Weblog - Schneider Electric

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With annual revenue about $10bn, and 75,000 employees in 130 countries, France based Schneider Electric is high on the world list of major automation companies.
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Aggressive French Giant
Sept. 2003
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  1. These are primarily anonymous weblogs. Blogger names will be included only if specifically requested.
  2. Both positive as well as critical comments are welcomed and encouraged.
  3. Except for key top-executives, names of people will not be included.
  4. Personal attacks and needless "rants" will be edited or discarded.
    If you feel that your weblogs are being unfairly eliminated, or have some special news or advice, please feel free to email Jim Pinto directly: jim@jimpinto.com

    Disclaimer: The opinions expressed here are not Jim Pinto's personal opinions.

Weblog Comments - Schneider Electric

Schneider weblogs discontinued, effective immediately

These weblogs were initially started with some success, and I continued this as a service.

The "anonymous" weblogs have been an experiment - allowing company employees to vent, when management takes no notice. Unfortunately, apart from the occasional positive blog, this has deteriorated to a mostly negative tone. I put in a lot of work and get nothing positive in return.

As someone suggested, "Negativity breeds negativity!". So, with very little in the way of positive results, I am stopping these automation company weblogs.

These are difficult economic times, and Schneider is doing about as well as most other industrial companies, perhaps better than most. I wish the company and its employees continued success.

Please feel free to send me an email: jim@jimpinto.com


Wednesday, March 14, 2012

Seems ironic that the NA Executive Leadership came from the Industrial sales side of the business. It looks like SE has done away with the "Industrial" sales force and all the directs are on the "Construction" side, no?

Monday, March 12, 2012

Hiring 10 outside firms to sell strategic control products doesn't say much for the company's confidence in our sales force.

Saturday, March 3, 2012

I believe the new rep's you may be asking about are the recently terminated ABB rep's. Rumor has it that ABB displaced these independents in favor of Baldor factory-employed rep's. I guess this is traditional "economies of scale" type re-distribution of resources.

Tuesday, February 28, 2012

Who are the 10 new sales rep organizations that SE hired? Why all the secrecy?

Friday, February 24, 2012

The 10 new sales rep organizations that SE hired - how are they doing?

Friday, February 17, 2012 - About the "SE hiring 10 Manufacturers Reps" question:

These companies are specialized, small, skilled / established companies that were discarded from the competition and came to Schneider proposing partnership.

Tuesday, February 7, 2012

Does anyone have the details on SE hiring 10 Manufacturers Reps to sell Industrial Control in the USA? I couldn't find any info beyond the press release. Why wouldn't they name the new sales agencies in the presser? What will/have they done with their direct industrial (non construction) sales force? How long would you give this initiative?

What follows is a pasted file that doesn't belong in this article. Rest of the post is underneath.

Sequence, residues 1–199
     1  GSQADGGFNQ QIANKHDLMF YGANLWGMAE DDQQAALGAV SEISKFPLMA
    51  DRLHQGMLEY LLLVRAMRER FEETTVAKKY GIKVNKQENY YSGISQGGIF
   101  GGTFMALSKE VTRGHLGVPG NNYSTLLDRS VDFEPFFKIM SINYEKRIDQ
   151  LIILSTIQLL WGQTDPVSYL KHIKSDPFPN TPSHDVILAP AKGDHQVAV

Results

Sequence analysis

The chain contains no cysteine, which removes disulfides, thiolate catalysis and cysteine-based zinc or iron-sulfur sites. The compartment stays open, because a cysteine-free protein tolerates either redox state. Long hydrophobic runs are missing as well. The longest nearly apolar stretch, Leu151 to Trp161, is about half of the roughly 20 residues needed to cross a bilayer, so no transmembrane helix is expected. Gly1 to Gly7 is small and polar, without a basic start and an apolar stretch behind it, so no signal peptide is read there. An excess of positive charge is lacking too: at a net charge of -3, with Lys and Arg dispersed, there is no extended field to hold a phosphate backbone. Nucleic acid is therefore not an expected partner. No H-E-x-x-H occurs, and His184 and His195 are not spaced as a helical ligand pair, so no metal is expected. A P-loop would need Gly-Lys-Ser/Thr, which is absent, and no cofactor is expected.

Friday, November 11, 2011

It looks also that corporate don't want to market or expose Square D products to customers. Has anyone noticed that?

Thursday, November 3, 2011

Schneider Saudi Arabia is NOW out of Water, Industrial, Oil, Gas and Petrochemical markets. The company shifted its focus to only infrastructure projects.

For Oil, Gas & Petrochemical, it happened when Schneider decided not have Joint Venture with Square D local panel-builder. So, based on this decision, the company don't turned their back to Oil and you know Saudi Arabia have plenty of oil. In fact the country has the highest petrochemical & oil production in the world so can you imagine this? They want to leave this market for ABB & Siemens.

And even the government has started to invest in Mining (> $100B), the company is still sleeping & not following. God bless Schneider management !

Thursday, October 27, 2011

In reply to the comment about is the BMS unit of Schneider launching a BMS product line: The answer is yes: they launched StruxureWare last year.

Wednesday, July 27, 2011

Well, the French do so love the French, don't they?

Monday, July 25, 2011

Schneider brought in an SAP know-it-all to "innovate". Spare me. The chance of success approaches zero with that pompous fool at the technical helm.

Sunday, June 5, 2011

No comments here since February. Why do you continue to be so limited? It seems like all we have here is a bunch of complainers about Rockwell, ABB and Siemens. Why don't you open up more businesses from around the world, I see you have just Yokogawa from Japan - there are so many more, and many more from Europe.

Wednesday, February 9, 2011

MouseHow HR works at Schneider Electric

Wednesday, February 9, 2011

Read Jim Pinto's latest column in Automation World, February 2011. This specifically discusses reasons why anonymous weblogs are so popular.

MouseKeep Motivation Up in a Down Economy.

During a period of recession, leadership skills are truly challenged. The solutions derive from strong management, which motivates good people to do what it takes to win during tough times. Mechanisms must be created for the workforce to share their feelings. It's the bad times that make good companies so much better during the good times.

Monday, January 17, 2011

French Schneider closed-mind is also existing in Saudi Arabia. You can see how Schneider will bias customer to Merlin Gerin products even when the project is following ANSI standards.